Franco’s followers, Mrs B at the back

So our four hour tour started, taking in at first the historic bits of the central area as one would expect.  But I am delighted to say there was loads of social commentary and background on modern day Santiago and the people of Chile.  It was all fascinating.  So please, let me share some small vignettes from our walk to give you a flavour of this interesting capital.

MORE COFFEE VICAR?

Thirty minutes after we started, Franco stopped the group in the street and began talking about coffee houses… I was so glad he did!  Earlier that morning, I had stumbled in to what I thought was a café selling coffee, only to be met by a couple of men and a rather well-endowed young lady who asked me with a twinkle in her glass eye what I wanted!!!  Franco’s explanation was interesting.  Chile, he explained is not known for its quality of coffee so in the 1980s some bright spark had the notion of selling coffee in cafes with no chairs (just poser tables) served by ladies in short skirts.  The idea was a simple one. Men would be distracted from the poor treacle/stewed coffee by the beauty of the ladies and everybody would be happy. It summed up for me typical male crass thinking.  The irony, that this was International Women’s Day not lost on me or Sarah. We squinted through partially covered frosted window pains and both got eye fulls!  Libidos in check, we continued as history beckoned.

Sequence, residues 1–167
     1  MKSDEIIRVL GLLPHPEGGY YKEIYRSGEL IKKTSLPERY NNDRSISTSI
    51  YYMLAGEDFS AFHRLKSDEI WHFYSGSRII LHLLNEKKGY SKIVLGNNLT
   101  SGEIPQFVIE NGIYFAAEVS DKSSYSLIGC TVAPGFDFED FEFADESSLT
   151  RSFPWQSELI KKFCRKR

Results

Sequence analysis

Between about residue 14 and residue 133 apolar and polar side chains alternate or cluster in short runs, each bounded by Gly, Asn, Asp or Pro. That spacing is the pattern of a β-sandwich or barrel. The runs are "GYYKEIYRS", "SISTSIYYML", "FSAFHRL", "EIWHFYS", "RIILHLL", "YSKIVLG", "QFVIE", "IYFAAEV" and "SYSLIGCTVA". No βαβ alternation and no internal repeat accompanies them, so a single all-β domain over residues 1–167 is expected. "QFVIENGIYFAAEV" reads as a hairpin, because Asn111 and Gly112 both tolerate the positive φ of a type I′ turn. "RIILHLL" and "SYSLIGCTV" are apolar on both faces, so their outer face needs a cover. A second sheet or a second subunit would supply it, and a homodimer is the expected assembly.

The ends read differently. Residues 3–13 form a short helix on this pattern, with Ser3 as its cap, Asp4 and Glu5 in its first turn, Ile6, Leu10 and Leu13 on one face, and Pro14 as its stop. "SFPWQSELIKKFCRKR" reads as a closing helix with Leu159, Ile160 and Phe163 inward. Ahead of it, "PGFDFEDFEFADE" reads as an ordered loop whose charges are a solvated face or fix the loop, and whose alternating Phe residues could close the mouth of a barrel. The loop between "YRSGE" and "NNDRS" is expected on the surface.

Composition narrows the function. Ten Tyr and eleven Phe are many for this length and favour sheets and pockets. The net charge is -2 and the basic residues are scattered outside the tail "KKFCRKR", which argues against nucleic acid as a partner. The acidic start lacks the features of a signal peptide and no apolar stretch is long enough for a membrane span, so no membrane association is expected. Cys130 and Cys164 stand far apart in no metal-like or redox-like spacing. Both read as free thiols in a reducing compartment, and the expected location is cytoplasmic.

Distracted

Distracted

... It's not difficult to be distracted